The problem with moving to a 'branch office' economy is that the bright school leaver who is capable of becoming a systems architect will have to go overseas to achieve their goal.

Pretty much happens now - we get back a lot of good people when they come back here to settle down...

With head offices and R&D moving offshore, there is less and less for them to come back to.

Or, they come back filled with aspiration and motivation and start businesses themselves...

So why was it they had to leave in the first place?

It's lifestyle and kids they come back for...

But the question was why did they have to leave?

Because they can. It's no longer difficult to travel from NZ, and young qualified people who don't make the most of the opportunities to do so are robbing themselves. Many will come back, wiser in every way and experienced in their field. It's to be encouraged.

Ask 100 and you'll get a 100 different answers. Most don't have to leave, but choose to, usually chasing riches and adventure.

Though they all come back with a different perspective, learning new skills, aspirations and outright gratefulness to be home and renewed respect for our lifestyle and NZ's natural beauty.

I didn't really comprehend just how awesome NZ is until I departed, or how patriotic you can be watching the All Blacks play while in London.

But lifestyle and awesome outdoors, combined with an economy beating most others, NZ is a very desirable home. No wonder house prices are rising!

And go where? Australia unlikely, UK for a short term. There is an overflow of architects at the moment anyway, with a lot from the Oz and the UK applying for jobs here.

This confirms New Zealand as a source of third world wage labour.

Great for people to get jobs. A sad indictment that New Zealander's wages are so low and are forced to live in wage poverty.

Correct. In 2011 the United Nations was alarmed that it found 20% of NZ's children live beneath the poverty line in an OECD country.

I wonder if it's the same 20% who are failing at school and leave illiterate?

The introduction of charter schools could address this issue, though.

Have you ever lived in a country that tried charter schools? I have and they usually fail.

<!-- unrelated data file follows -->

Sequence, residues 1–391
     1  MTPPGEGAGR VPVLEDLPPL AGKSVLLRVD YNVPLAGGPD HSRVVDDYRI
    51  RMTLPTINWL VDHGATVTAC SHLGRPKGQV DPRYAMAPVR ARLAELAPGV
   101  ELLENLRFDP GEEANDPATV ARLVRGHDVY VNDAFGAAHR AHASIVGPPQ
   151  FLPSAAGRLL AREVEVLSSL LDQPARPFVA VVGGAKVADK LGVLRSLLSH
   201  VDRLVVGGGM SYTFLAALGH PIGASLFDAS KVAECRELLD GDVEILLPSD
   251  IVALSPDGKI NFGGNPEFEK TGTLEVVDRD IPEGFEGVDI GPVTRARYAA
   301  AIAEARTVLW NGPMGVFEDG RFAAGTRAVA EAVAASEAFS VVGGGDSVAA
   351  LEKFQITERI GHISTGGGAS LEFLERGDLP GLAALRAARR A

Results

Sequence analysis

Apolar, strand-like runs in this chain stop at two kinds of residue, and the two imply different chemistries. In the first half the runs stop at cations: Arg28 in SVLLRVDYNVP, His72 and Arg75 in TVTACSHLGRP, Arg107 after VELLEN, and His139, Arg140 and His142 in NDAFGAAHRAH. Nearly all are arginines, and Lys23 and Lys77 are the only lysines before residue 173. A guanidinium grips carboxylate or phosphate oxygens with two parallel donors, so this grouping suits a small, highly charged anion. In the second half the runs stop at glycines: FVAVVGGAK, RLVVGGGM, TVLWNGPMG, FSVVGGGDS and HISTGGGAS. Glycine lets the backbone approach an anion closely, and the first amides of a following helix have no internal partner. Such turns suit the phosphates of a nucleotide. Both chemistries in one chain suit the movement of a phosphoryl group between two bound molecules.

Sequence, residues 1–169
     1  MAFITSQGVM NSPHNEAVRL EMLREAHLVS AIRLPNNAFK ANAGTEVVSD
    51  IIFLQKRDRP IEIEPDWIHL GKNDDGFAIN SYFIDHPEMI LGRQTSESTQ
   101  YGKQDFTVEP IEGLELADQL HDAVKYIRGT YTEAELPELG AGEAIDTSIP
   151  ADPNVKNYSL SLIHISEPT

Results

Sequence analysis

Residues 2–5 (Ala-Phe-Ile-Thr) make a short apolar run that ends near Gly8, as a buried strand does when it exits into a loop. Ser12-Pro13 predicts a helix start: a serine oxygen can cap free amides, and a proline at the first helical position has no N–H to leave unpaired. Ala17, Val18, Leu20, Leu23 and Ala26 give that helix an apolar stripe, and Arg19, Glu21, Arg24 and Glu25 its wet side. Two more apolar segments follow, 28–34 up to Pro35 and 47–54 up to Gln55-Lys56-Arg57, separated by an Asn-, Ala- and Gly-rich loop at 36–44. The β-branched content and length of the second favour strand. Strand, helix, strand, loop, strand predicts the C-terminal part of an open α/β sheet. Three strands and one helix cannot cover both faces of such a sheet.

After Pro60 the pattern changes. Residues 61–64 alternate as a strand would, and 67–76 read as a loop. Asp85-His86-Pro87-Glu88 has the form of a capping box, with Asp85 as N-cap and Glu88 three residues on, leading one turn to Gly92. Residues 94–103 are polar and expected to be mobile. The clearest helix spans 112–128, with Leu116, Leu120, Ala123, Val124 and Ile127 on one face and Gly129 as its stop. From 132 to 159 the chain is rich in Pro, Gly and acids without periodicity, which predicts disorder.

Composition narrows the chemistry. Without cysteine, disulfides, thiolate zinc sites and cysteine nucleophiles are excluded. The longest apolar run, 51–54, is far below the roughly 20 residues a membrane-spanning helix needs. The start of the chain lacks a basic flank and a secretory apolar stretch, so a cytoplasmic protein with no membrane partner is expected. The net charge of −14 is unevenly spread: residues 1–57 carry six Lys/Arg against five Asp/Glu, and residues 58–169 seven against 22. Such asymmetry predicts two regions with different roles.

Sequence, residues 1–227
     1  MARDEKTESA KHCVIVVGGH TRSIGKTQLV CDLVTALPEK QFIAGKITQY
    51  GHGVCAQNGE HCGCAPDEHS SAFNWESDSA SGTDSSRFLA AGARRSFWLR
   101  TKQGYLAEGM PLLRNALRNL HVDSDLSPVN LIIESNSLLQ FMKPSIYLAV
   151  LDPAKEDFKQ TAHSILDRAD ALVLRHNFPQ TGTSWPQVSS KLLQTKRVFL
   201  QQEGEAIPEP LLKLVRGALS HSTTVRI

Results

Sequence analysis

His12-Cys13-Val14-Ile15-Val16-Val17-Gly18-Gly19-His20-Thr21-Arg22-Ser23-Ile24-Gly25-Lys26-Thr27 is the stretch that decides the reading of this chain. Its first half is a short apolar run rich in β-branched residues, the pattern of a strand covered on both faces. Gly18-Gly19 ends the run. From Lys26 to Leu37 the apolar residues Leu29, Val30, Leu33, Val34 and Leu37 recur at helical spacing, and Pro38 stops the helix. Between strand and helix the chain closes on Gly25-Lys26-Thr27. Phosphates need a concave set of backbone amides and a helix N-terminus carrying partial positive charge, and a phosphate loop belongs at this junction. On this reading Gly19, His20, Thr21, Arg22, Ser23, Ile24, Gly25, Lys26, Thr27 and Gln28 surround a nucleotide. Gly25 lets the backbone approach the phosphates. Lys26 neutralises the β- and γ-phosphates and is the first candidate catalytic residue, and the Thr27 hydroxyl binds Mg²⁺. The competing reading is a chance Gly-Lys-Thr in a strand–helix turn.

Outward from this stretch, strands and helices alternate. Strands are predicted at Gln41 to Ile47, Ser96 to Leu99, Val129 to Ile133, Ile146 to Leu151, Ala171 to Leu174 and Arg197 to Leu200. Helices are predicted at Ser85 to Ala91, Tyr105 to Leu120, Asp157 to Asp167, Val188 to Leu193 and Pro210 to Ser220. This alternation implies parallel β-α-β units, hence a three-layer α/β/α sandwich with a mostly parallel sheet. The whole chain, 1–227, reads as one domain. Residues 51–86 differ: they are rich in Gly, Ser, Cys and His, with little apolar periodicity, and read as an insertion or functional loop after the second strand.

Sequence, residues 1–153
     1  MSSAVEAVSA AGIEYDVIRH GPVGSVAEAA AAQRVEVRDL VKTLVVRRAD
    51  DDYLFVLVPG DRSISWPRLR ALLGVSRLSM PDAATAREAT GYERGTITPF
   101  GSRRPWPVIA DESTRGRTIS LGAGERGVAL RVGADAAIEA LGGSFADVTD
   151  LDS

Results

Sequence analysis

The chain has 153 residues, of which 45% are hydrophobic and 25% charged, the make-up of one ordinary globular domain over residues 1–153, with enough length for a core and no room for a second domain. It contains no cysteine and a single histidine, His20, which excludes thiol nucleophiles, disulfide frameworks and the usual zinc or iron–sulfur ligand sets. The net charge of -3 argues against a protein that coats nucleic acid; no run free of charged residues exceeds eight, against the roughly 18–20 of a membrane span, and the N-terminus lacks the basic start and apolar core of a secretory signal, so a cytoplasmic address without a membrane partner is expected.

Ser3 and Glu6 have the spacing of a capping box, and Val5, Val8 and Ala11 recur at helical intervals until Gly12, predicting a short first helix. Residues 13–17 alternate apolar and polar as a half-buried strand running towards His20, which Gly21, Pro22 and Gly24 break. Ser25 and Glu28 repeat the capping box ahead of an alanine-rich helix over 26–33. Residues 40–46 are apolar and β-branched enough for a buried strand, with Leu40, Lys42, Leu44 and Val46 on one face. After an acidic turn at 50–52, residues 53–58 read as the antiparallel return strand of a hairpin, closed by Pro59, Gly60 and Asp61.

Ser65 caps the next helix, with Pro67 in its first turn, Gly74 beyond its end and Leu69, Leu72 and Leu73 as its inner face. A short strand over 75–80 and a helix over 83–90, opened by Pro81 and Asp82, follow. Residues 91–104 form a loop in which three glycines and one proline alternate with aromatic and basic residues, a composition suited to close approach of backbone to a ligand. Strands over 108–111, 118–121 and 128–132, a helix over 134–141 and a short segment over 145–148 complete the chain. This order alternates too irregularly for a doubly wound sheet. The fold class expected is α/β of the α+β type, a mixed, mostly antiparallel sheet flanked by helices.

Shane, because you saw failures doesn't mean they all do.

There's plenty of evidence they do work. Google is your friend.

Where failures continue, different, measurable approaches are required.

It's the parents' choice - not the unions.

Staggering the UN could find anything. Overpaid, over heard from, do nothing. A bunch of ex-pollies who tell us how it is well living in lala land.
Parents need to be taught not to be parents if they can't afford it, and if they do have kids to stop wasting money on the unnecessary.

Your opinion is an educated one from a background of privilege.

If you grew up in a slum, your parents were on the dole or minimum wage and your parents didnt give a stuff about you, I wonder if you'd be writing comments at all on the NBR.

And, yes, the UN has problems but so does every organisation. What they are good at is running surveys and identifying human rights abuses.

Would this be the same United Nations that appoints Pakistan and Saudi Arabia to their Agency for Women?

Quite a smart move to bring problem countries into an environment of increased scrutiny for women's rights, wouldn't you think?

And, if there were no UN, there would be no international courts for human rights criminals in such as Bosnia, Cambodia, and the Sudan.

It's a bit silly trying to belittle an organisation dedicated to doing good. Nothing is perfect and it's better than doing nothing and throwing stones from the sideline.

I would rather higher employment with lower wages than higher unemployment with higher wages, which, to be fair, is what India and China are guilty of to the extreme.

Yes better to be poor and in work than even poorer on the dole.

OK, where is the next best country to move to?

That's where I am moving too next year, thanks to my European passport.